But there’s a big difference between, “They aren’t the best candidate and will probably lose the general” and “This person is a disaster for our brand”.

Nobody in the Democratic party is going to think that just because the candidate is black that they’re an embarrassment. Just being black wouldn’t make them toxic. Hint: we have a black president right now.

Likewise, Bernie isn’t toxic to the Democrats. Sure, the party power brokers are all for Clinton. They want her to win. That means they’re campaigning for her, and helping her. But if Sanders wins more delegates, they’re not going to scream and cry and threaten to support Trump, or Cruz. They may shake their heads and decide that the election is hopeless and write him off and concentrate on supporting governors and senators instead of the presidential race, but they’re not going to split the party or threaten to run Hillary as a third party candidate.

So Bernie is the Democratic equivalent of Ted Cruz, someone with a poor shot at winning the election, that has extreme views that don’t represent the median voter, and isn’t popular with the party bosses. A black Bernie Sanders is just a black Bernie Sanders. He may be the electoral equivalent of Walter Mondale, destined to go down in flames against a decent Republican candidate, but Black Bernie wouldn’t be toxic for the party.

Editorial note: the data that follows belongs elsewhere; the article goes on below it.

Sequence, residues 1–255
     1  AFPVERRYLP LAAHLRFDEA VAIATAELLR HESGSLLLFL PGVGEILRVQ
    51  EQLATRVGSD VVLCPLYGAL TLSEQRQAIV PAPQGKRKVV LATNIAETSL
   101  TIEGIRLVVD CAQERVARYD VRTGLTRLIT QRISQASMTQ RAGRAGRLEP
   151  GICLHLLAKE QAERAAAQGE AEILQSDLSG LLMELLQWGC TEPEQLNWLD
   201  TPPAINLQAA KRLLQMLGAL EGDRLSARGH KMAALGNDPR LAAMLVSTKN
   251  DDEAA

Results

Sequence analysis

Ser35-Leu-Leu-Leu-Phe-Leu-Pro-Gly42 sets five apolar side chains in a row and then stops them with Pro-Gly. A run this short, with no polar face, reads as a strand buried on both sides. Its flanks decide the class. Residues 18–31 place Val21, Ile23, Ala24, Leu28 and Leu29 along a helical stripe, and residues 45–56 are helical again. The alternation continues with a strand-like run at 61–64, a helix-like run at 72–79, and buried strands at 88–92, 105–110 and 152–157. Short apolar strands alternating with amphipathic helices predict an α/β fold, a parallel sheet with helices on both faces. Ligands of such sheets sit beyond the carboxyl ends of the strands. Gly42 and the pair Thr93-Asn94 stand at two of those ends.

He’d have to be someone like the aforementioned Kanye. Inexplicably popular with a large segment of the base, yet hopelessly insane. Except I can’t picture Kanye winning primary after primary like Trump has. Well, 2020 is 4 years away, so I’ve got some time to get used to the idea.

How about Trump himself? His politics are sure flexible enough. Maybe if right-wing demagoguery doesn’t work out in 2016, he’ll go back to the left?

Lyndon LaRouche?

Bernie Sanders

If not Trump himself then Jon Stewart.

Alan Grayson, perhaps. He’s certainly pugnacious enough.

How so? If Stewart decided to run for President and he unexpectedly gained widespread support, which group of Democrats do you feel would be alienated by his success?

Good choice.

Joe Biden is another one who has no filter and says whatever comes to mind.